I- North Carolina Indian Villages, Towns and Settlements

A complete listing of all the Indian villages, towns and settlements as listed in Handbook of Americans North of Mexico.

Ibitoupa. A small tribe of unknown affinity, but the theory that they were connected with the Chickasaw has more arguments in its favor than any other. In 1699 they formed one of the villages mentioned by Iberville (Margry, Dec., iv, 180, 1880) as situated on Yazoo r., Ibitoupa being near the upper end of the group between the Chaquesauma (Chakchiuma) and the Thysia (Tioux) , according to the order named, which appears to be substantially correct, although Coxe (Carolana, 10, 1741) who omits Thysia, makes the Ibitoupa settlement expressly the uppermost of the series. The Ibitoupa and Chakchiuma, together with the Tapoucha (Taposa), were united in one village on the upper Yazoo by 1798. What eventually became of them is not known, but it is probable that they were absorbed by the Chickasaw. See Itomapa. (A. S. G.)

Itseyi (Itséyĭ, new green place, or ‘place of fresh green’; often falsely rendered ‘Brasstown’, from the confusion of Itséyĭ and Uñtsaiyĭ, the latter term signifying brass). The name of several former Cherokee settlements. One was on Brasstown cr. of Tugaloo r., in Oconee co., S. C. ; another was on Little Tennessee r., near the present Franklin, Macon co., N. C., and probably about the junction of Cartoogaja cr. ; a third, known to the whites as Brasstown, was on upper Brasstown cr. of Hiwassee r., Towns co., Ga. Mooney in 19th Rep. B. A. E., 523, 1900.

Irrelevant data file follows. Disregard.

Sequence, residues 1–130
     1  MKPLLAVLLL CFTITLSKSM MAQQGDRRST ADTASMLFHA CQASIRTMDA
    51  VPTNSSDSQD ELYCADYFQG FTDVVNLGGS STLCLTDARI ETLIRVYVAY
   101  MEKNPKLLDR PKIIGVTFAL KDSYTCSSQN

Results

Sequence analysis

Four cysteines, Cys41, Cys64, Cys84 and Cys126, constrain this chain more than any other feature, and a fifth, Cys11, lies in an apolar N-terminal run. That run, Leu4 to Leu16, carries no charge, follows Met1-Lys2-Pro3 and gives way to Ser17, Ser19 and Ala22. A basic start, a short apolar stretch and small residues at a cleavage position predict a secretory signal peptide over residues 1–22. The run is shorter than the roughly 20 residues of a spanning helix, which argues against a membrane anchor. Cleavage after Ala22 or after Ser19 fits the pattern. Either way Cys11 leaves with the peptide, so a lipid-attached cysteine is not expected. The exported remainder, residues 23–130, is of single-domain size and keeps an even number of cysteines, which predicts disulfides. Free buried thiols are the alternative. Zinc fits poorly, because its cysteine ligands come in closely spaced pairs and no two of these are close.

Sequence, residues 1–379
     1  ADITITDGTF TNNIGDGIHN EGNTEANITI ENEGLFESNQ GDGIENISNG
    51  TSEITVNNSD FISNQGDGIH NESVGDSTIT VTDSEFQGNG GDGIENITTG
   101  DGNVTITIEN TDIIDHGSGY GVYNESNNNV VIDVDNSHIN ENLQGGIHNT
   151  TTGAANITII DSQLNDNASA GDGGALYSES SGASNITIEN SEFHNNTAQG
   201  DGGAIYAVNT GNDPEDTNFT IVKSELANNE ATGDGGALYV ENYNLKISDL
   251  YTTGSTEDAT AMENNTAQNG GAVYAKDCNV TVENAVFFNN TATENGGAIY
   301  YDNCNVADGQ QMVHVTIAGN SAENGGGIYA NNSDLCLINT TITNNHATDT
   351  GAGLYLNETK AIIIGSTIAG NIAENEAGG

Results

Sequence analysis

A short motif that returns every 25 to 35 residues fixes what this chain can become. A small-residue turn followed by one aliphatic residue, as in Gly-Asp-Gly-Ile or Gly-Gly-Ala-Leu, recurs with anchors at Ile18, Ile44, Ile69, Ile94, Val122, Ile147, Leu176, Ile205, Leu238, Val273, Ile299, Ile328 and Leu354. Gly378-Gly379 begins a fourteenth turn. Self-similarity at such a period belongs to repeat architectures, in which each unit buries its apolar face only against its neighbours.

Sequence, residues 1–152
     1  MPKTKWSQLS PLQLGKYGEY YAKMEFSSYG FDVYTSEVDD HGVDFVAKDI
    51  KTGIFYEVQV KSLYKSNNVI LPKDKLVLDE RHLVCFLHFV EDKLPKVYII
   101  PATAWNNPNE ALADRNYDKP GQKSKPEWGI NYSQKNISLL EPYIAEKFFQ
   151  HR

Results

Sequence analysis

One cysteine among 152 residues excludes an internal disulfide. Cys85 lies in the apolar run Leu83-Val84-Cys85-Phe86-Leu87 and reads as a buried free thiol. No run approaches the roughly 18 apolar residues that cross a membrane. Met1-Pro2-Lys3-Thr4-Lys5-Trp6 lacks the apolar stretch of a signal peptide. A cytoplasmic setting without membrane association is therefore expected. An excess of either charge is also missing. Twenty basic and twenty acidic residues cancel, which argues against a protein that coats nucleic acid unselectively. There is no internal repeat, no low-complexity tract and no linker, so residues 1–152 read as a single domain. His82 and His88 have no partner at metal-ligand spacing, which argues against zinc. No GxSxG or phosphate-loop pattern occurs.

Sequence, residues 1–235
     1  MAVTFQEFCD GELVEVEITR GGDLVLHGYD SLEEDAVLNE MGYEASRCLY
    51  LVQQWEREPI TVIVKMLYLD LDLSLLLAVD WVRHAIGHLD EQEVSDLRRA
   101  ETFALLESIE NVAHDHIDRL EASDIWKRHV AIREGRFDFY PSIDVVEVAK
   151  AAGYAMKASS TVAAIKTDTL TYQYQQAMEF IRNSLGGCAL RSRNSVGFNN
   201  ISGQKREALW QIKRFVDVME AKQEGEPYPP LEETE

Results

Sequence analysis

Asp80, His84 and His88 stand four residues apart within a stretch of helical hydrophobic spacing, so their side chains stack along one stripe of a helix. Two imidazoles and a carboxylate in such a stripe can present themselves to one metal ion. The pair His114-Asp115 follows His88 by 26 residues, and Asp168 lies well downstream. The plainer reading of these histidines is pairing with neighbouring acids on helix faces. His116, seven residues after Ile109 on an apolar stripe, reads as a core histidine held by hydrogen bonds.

Hodge, Frederick Webb, Compiler. The Handbook of American Indians North of Mexico. Bureau of American Ethnology, Government Printing Office. 1906.

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